Two points are especially worth noting:

1.Different social media are used for different consumer purposes. Blogs are by definition a means of self-expression. Community requires groups of some type, whether they are consumer generated or formed by an outside entity.

2.From the marketer’s perspective all the social media represent the voice of the customer and we should be listening intently.

I’ve repeatedly noted that the social media give marketers the ability to engage customers in ways that are mutually beneficial. If communities form, either spontaneously or with marketer sponsorship, it is because the interaction fulfills a real need. The CMR newsletter says that:

People want to be reassured of their worth and value, and seek confirmation that what they say and do matters to others and has an impact on the world around them.

I agree with that perspective on consumer needs. From the marketer’s perspective, I suggest that we develop online spaces where like-minded people can meet, interact, support one another, and—in time—perhaps become evangelists for the sponsor.

This strongly implies that social media initiatives cannot be—or be perceived as being—a heavy-handed promotional activity. Each one has to meet one or more basic consumer needs in order to be welcomed and integrated into customers’ lives. That requires a kind of delicate sensibility that is the opposite of traditional advertising and promotion. Maybe that’s why it’s so hard for many marketers to grasp this new way of interacting with their target audience.

You can access the complete report here.
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Friday, December 21, 2007

Singing Pringles Usher in the Holidays

What could be more appropriate for the holidays than singing Pringles? You might have ideas of your own, but if you’re Procter and Gamble the answer is, “Nothing.”

Yesterday Ad Age reported on the Pringles Christmas contest P&G held in the UK. They started out looking for a new jingle. They liked this video so much they declared it the winner and will air it on Christmas Day. Here it is; it’s season-appropriate and perfectly charming. The page has other finalists as is common in these contests.Enjoy the video here.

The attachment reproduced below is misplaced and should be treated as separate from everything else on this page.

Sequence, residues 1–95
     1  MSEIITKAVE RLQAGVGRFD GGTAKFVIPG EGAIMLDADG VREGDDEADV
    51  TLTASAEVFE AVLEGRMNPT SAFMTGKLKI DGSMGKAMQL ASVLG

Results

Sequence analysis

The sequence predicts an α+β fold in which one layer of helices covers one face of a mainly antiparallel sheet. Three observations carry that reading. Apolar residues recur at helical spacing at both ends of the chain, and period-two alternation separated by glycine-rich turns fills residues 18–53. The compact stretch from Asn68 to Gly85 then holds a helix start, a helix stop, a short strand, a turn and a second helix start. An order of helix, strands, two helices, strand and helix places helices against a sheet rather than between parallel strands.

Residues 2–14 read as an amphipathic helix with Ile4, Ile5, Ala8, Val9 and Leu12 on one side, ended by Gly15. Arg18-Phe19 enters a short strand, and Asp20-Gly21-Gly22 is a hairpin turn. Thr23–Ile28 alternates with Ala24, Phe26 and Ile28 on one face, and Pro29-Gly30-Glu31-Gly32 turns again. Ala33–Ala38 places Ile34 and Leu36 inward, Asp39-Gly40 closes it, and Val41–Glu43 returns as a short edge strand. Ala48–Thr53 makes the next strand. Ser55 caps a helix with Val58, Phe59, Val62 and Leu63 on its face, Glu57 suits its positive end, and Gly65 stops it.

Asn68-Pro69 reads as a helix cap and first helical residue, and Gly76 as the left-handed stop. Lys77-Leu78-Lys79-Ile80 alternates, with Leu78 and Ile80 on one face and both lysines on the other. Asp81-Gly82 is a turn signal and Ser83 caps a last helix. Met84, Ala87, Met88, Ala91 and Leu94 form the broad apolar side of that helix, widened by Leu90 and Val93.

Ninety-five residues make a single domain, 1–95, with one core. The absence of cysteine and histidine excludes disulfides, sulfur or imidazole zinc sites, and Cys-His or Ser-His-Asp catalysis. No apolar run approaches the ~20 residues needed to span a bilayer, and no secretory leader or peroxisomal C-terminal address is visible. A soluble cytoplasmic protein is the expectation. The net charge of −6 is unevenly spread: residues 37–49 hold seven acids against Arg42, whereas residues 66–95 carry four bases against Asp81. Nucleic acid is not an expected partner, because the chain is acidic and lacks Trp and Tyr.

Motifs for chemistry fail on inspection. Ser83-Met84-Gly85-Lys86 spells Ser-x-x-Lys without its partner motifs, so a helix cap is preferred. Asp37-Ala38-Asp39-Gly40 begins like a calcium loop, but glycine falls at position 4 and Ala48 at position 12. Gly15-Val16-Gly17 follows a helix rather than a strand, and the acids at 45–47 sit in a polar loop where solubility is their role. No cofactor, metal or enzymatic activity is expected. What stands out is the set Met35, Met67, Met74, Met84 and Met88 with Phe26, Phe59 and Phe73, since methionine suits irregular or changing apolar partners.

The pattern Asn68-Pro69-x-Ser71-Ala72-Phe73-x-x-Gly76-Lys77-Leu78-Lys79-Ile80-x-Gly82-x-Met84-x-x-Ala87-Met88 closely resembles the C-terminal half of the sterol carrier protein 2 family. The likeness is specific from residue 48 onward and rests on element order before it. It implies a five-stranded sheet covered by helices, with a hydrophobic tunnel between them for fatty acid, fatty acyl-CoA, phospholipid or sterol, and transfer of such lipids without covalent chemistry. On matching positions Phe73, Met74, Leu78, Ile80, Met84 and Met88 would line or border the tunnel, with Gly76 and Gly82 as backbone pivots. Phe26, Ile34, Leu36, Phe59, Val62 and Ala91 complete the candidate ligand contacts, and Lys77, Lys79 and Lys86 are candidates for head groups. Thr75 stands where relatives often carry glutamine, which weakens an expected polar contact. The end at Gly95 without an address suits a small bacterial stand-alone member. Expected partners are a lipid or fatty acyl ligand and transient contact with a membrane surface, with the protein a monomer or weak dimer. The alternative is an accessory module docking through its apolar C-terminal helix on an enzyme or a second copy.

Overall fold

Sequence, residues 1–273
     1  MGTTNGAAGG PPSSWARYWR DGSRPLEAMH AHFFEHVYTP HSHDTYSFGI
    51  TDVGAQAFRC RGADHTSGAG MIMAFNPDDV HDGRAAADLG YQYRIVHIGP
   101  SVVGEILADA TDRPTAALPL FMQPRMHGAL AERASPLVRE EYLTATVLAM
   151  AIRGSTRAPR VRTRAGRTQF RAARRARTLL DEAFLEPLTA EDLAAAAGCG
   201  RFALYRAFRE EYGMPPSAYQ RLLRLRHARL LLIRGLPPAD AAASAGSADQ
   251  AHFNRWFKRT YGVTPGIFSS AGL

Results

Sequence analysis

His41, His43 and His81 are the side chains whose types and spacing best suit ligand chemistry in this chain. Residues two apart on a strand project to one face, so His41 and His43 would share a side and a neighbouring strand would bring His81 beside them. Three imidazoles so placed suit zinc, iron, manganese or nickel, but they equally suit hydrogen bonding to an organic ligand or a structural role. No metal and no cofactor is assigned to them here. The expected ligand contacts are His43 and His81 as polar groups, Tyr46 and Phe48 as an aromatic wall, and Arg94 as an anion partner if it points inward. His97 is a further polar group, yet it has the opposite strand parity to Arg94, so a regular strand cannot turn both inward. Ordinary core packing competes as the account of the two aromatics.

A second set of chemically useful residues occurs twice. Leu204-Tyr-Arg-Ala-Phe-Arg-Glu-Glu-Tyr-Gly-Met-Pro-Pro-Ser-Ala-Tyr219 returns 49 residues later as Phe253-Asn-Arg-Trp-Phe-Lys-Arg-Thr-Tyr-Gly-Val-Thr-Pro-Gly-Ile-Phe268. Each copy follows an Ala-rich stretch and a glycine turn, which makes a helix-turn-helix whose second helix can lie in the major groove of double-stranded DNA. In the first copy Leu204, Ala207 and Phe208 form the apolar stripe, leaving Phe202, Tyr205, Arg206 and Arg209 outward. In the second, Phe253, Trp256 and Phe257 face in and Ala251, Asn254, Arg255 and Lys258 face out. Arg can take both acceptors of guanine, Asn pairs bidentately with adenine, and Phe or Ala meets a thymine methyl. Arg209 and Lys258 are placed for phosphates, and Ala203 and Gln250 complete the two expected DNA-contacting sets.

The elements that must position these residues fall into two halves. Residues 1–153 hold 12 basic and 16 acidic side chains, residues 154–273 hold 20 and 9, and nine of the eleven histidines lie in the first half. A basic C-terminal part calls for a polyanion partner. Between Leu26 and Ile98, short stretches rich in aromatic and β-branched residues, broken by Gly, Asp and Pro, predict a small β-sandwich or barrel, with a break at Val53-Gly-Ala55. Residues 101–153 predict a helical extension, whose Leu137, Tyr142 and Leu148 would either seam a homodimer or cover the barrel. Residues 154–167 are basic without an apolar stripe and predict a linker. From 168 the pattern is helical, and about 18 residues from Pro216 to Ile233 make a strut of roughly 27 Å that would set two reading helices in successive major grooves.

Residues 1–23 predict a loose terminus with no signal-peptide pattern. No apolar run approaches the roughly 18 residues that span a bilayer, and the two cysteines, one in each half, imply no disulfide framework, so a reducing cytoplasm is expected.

I agree with the comment on—why not play it in the US as well as the UK? I don’t know if that has to do with the non-standard length—40 seconds—or with the cult-like popularity of Pringles with young Europeans. Whatever the reason, it is an engaging way to sign off for a few days of family fun and fellowship.
Best Holiday Wishes to All!
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Thursday, December 20, 2007

Where Are The Viewers Going?

Yesterday the AlwaysOn newsletter published a video interview with Tina Brown. As the former editor of Vanity Fair and the New Yorker, she is a respected observer of the media scene. Admittedly “a print junkie,” she has scathing things to say about network news and interesting observations about online news, current and future.
View the video here.

The video led me to Beet.TV, which seems best described as a channel of BlipTV, the video hosting service. BeetTV focuses on media, so it’s a site marketers might keep an eye on.